Cassell, Paul G., and Richard Fowles. 1998. “Handcuffing the Cops? A Thirty-Year Perspective on Miranda’s Harmful Effects on Law Enforcement.Stanford Law Review 50 (4): 1055–145.CrossRefGoogle Scholar
Cassell, Paul G., and Bret S. Hayman. 1996. “Police Interrogation in the 1990s: An Empirical Study of the Effects of Miranda.UCLA Law Review 43 (3): 839–932.Google Scholar
Cox, Nicholas J. 2010. “Stata Tip 68: Week Assumptions.Stata Journal 10 (4): 682–85.CrossRefGoogle Scholar
Dolbeare, Kenneth M., and Phillip E. Hammond. 1971. The School Prayer Decisions: From Court Policy to Local Practice. Chicago: University of Chicago Press.Google Scholar
Epp, Charles R., Steven Maynard-Moody, and Donald P. Haider-Markel. 2014. Pulled Over: How Police Stops Define Race and Citizenship. Chicago: University of Chicago Press.CrossRefGoogle Scholar
Eterno, John. 2003. Policing within the Law: A Case Study of the New York City Police Department. Westport, CT: Praeger.Google Scholar
Fagan, Jeffrey, and Garth Davies. 2000. “Street Stops and Broken Windows: Terry, Race, and Disorder in New York City.Fordham Urban Law Journal 28 (2): 457–504.Google Scholar
Gizzi, Michael C., and R. Craig Curtis. 2016. The Fourth Amendment in Flux: The Roberts Court, Crime Control, and Digital Privacy. Lawrence: University Press of Kansas.Google Scholar
Gizzi, Michael C., R. Craig Curtis, and Ethan D. Boldt. 2014. “US Courts of Appeals and State Supreme Court Responses to Arizona v. Gant: A Study in Judicial Impact.Journal of Crime and Justice 37 (2): 214–33.CrossRefGoogle Scholar
Gould, Jon B., and Stephen D. Mastrofski. 2004. “Suspect Searches: Assessing Police Behavior under the US Constitution.Criminology and Public Policy 3 (3): 315–62.CrossRefGoogle Scholar
Haire, Susan B., Stefanie A. Lindquist, and Donald R. Songer. 2003. “Appellate Court Supervision in the Federal Judiciary: A Hierarchical Perspective.Law and Society Review 37 (1): 143–68.CrossRefGoogle Scholar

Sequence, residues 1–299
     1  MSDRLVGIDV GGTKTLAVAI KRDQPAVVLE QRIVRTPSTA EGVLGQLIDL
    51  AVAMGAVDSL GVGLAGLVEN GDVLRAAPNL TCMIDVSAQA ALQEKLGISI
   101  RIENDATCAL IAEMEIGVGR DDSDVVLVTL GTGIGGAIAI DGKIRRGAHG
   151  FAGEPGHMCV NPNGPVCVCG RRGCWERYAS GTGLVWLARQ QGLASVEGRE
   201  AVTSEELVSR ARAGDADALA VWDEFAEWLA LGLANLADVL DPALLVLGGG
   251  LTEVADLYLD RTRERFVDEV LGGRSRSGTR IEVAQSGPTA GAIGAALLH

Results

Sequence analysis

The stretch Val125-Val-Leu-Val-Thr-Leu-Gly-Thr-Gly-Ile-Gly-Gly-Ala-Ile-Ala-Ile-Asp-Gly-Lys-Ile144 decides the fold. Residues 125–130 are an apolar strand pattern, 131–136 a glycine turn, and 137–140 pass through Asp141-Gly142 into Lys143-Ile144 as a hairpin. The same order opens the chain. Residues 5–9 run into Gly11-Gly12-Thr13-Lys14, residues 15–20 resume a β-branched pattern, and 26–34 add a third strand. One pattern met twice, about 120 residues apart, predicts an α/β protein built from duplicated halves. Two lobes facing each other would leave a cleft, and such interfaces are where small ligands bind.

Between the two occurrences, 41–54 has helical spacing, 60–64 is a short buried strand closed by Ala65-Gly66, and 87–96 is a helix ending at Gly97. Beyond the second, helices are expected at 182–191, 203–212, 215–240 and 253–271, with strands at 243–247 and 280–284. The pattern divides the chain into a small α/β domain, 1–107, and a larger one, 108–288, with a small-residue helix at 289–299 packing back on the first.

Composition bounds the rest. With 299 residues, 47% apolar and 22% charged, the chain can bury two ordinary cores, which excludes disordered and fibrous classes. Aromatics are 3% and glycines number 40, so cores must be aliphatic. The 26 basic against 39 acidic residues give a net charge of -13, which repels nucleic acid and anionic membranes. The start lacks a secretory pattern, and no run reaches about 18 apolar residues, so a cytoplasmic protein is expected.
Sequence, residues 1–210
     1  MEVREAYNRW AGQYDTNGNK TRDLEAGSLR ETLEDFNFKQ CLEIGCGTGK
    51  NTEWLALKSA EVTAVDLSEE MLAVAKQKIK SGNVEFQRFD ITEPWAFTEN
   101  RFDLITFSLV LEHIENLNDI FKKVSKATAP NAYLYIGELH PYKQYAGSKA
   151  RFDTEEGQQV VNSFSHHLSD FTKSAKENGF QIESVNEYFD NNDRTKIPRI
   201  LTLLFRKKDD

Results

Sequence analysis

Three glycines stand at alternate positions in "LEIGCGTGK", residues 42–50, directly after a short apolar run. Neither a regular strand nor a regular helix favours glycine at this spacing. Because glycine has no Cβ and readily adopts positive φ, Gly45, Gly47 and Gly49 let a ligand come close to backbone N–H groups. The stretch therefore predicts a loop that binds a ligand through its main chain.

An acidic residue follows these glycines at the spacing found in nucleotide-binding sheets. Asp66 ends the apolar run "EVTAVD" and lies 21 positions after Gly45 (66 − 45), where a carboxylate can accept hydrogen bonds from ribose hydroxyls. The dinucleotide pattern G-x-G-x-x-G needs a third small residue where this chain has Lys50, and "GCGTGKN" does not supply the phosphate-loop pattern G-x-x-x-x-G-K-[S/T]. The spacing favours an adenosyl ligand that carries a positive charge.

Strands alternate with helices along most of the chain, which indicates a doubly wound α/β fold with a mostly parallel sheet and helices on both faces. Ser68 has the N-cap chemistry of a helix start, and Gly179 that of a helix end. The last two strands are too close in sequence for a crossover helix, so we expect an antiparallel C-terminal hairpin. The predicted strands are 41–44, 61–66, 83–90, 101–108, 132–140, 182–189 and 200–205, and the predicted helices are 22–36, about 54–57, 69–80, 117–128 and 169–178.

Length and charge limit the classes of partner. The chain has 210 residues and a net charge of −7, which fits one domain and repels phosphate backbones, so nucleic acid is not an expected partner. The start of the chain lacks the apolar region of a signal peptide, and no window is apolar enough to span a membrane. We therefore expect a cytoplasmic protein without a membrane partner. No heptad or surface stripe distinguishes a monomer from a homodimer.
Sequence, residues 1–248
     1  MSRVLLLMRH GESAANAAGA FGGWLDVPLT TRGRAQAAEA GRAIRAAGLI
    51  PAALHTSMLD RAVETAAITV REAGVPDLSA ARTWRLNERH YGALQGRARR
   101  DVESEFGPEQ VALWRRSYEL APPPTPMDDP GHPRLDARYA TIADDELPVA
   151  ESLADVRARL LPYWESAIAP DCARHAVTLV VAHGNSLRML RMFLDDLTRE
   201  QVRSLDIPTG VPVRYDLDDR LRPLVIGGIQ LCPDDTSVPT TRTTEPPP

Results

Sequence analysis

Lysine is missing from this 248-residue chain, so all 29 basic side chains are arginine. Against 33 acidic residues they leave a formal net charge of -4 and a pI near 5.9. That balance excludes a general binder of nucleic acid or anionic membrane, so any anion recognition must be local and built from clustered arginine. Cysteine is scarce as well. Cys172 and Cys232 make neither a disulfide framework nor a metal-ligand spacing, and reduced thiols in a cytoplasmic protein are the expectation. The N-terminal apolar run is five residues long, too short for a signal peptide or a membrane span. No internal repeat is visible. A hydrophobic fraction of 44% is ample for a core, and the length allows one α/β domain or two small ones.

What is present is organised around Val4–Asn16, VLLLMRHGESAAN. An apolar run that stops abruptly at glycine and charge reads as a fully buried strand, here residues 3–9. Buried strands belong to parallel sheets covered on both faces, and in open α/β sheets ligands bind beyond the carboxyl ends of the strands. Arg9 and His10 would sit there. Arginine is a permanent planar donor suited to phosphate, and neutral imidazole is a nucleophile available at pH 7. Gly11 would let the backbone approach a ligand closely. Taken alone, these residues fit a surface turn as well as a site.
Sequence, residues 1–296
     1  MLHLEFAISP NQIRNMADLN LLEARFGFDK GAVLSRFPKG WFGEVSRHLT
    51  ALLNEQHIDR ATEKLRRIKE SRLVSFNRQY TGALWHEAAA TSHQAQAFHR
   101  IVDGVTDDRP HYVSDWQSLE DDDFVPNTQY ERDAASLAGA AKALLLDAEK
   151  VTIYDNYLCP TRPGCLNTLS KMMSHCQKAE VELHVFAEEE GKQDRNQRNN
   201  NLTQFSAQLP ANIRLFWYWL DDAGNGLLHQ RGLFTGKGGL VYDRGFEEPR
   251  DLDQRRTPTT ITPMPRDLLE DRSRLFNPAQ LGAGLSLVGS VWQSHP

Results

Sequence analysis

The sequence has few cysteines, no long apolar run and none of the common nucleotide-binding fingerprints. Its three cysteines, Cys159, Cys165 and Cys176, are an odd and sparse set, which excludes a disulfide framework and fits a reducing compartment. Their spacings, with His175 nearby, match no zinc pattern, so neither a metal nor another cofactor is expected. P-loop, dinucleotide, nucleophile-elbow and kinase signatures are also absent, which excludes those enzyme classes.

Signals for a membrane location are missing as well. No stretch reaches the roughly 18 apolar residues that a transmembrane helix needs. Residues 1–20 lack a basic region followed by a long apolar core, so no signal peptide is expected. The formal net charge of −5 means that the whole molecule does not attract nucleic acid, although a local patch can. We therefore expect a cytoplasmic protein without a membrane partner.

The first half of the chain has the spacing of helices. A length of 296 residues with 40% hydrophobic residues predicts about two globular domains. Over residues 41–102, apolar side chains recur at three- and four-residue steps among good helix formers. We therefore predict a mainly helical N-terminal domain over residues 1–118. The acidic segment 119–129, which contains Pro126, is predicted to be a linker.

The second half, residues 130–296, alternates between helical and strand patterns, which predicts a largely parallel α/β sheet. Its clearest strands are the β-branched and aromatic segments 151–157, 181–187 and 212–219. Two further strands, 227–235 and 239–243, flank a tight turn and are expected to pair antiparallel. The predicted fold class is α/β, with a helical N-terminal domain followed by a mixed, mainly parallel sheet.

Hall, Matthew E. K. 2010. The Nature of Supreme Court Power. New York: Cambridge University Press.CrossRefGoogle Scholar
Hoekstra, Valerie. 2005. “Competing Constraints: State Court Responses to Supreme Court Decisions and Legislation on Wages and Hours.Political Research Quarterly 58 (2): 317–28.CrossRefGoogle Scholar
Hoffman, Jeffry, and Richard Seltzer, eds. 1968. “Effect of Mapp v. Ohio on Police Search-and-Seizure Practices in Narcotics Cases.Columbia Journal of Law and Social Problems 4 (1): 87–104.Google Scholar
Judge, Lisa A. 2009. “Bye-Bye Belton? Supreme Court Decision Shifts Authority for Vehicle Searches from Automatic to Manual.” Police Chief, June.Google Scholar
Leo, Richard A. 1996. “The Impact of ‘Miranda’ Revisited.Journal of Criminal Law and Criminology 86 (3): 621–92.CrossRefGoogle Scholar
Luse, Jennifer K., Geoffrey McGovern, Wendy L. Martinek, and Sara C. Benesh. 2009. “‘Such Inferior Courts …’: Compliance by Circuits with Jurisprudential Regimes.American Politics Research 37 (1): 75–106.CrossRefGoogle Scholar
Martinek, Wendy L. 2000. “The Relationship between the United States Supreme Court and State Courts of Last Resort in Search and Seizure Decision Making.” PhD diss., Michigan State University.Google Scholar
McDowall, David, and Richard McCleary. 2014. “Interrupted Time Series Models.” In Encyclopedia of Criminology and Criminal Justice, ed. Gerben Bruinsma and David Weisburd, 2653–65. New York: Springer.CrossRefGoogle Scholar
Milner, Neal A. 1971. The Court and Local Law Enforcement: The Impact of Miranda. Thousand Oaks, CA: Sage.Google Scholar
Peltason, J. W. 1971. Fifty-Eight Lonely Men: Southern Federal Judges and School Desegregation. Champaign: University of Illinois Press.Google Scholar
Reiss, Albert J., and Donald J. Black. 1967. “Interrogation and the Criminal Process.Annals of the American Academy of Political and Social Science 374 (1): 47–57.CrossRefGoogle Scholar